Rajavardan: My film career starts with Bicchugatti
After his first film failed to take off five years ago, Rajavardan has struggled for half a decade to establish himself
Everything would have gone on track for Rajavardan had he had the right debut. Five years after what was meant to be his first project, FLY, did not take off, the actor has now finally found his feet. He will be playing the solo lead in the historical drama, Bicchugatti: Chapter 1 Dalvayi Dange.
Though he was previously seen in the multi-starrer Noorondu Nennapu, Rajavardan considers this his first outing. “I can now officially call myself a hero. My film career starts with Bicchugatti,” says the actor, who admits that it was a project that he took up out of frustration.
Rajavardan reveals that severe competition led him to select this role, which he is hoping will help establish himself in the industry. “The five years of struggle have been worth it. Not many get to play historical characters in the early stages of their career. I have realised that historical leaders have a mass appeal, and this is a role I will be able to justify with my personality and skills. I consider this a blessing,” says the actor who plays Baramanna Nayaka in Bicchugatti: Chapter 1 Dalvayi Dange.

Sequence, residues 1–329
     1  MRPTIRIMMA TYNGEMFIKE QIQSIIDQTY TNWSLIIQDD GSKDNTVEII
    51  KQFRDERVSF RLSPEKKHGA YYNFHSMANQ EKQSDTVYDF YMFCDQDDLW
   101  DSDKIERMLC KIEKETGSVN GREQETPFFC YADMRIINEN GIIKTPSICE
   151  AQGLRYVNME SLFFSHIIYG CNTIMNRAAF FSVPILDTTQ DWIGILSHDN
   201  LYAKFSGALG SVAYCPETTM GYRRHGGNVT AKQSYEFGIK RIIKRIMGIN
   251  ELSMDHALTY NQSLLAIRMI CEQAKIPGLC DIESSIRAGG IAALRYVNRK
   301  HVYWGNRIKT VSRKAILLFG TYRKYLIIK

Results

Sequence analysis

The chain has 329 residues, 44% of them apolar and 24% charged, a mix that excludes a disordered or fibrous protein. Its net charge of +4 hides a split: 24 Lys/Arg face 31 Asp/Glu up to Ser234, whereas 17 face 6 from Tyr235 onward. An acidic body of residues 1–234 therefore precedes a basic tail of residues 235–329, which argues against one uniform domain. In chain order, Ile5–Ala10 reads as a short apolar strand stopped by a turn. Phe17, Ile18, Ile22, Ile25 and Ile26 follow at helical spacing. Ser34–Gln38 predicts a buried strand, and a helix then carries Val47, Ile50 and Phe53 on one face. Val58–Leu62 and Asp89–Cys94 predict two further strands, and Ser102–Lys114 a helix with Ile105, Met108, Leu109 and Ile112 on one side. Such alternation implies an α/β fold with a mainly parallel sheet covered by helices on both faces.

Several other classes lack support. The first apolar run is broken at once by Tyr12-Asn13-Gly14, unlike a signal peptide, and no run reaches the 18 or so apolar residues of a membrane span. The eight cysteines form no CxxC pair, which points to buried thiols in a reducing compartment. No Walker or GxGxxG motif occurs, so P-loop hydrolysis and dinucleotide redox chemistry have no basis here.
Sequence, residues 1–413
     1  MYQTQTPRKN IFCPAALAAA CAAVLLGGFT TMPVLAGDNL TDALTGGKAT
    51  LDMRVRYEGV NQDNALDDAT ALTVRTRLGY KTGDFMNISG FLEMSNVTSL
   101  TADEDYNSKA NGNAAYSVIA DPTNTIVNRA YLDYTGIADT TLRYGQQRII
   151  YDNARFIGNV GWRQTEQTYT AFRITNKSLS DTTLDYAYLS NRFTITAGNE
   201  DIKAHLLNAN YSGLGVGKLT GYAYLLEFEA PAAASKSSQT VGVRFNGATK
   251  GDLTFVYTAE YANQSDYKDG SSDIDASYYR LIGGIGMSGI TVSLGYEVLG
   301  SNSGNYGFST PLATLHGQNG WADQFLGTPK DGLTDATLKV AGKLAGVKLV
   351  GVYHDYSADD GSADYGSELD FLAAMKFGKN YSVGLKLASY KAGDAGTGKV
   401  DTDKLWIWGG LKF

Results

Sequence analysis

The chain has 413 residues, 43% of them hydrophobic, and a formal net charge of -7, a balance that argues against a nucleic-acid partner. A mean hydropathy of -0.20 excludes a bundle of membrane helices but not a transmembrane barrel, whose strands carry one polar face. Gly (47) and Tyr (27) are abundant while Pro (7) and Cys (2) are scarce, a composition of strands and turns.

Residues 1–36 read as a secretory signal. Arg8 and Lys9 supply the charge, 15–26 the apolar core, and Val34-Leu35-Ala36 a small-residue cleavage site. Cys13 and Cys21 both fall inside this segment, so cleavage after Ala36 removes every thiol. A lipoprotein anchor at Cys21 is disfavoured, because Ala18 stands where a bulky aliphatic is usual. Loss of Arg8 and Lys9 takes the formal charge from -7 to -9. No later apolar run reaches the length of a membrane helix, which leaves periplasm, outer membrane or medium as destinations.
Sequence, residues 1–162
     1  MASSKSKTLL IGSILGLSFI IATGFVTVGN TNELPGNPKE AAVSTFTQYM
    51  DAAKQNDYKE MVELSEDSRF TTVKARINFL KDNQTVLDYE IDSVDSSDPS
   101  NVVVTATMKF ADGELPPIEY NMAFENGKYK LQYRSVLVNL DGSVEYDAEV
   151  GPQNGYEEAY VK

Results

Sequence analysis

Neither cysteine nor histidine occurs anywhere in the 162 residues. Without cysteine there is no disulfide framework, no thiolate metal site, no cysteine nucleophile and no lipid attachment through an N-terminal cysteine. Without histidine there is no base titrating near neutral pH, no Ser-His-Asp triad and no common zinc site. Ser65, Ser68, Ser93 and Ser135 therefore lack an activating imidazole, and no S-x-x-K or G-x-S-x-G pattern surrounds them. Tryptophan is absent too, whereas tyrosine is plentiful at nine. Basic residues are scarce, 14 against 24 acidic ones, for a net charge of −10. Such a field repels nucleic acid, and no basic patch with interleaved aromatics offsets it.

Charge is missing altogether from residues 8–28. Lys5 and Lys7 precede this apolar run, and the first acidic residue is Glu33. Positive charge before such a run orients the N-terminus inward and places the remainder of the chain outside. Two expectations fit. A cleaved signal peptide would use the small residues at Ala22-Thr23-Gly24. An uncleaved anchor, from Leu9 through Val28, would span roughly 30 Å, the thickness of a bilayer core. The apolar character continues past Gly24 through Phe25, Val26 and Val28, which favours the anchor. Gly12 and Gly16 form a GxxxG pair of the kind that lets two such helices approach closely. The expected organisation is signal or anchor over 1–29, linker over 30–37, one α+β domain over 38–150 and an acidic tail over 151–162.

Being the son of actor Dingri Nagaraj never helped him, feels Rajavardan. “Despite my father having worked in more than 500 films, I had to start from scratch. People still have to figure out that I am Dingri Nagarj’s son. This might not have happened had my father been a star. But he was just a comedian.”
Directed by Hari Santhosh, Bicchugatti: Chapter 1 Dalvayi Dange is based on the book written by BL Venu. “Since we do not have any detailed references about Baramanna Nayaka we depended a lot on the book. Historical films bring alive history and heritage, especially for this generation. We did a lot of research and even got some books from the University Of Mysore. Watching Bicchugatti will be like turning the pages of the book. The 400-page book has been conveyed in the little-over-two-hours film,” says Rajavardan.
The story, set in the 15th century, focuses on the battle between Baramanna Nayaka and Dalavayi Muddanna played by Prabhakar, and how the former goes about ascending the throne. “If we go by the book, one can come out with 10 different films. But the makers have considered just one segment of the book, which throws light on a commoner who becomes a rebel, and his fights to throw Dalavayi Muddanna out of Chitradurga,” says Rajavardan, who has already hinted at a second chapter. “Whether we take it forward all depends on how this film is accepted,” he signs off.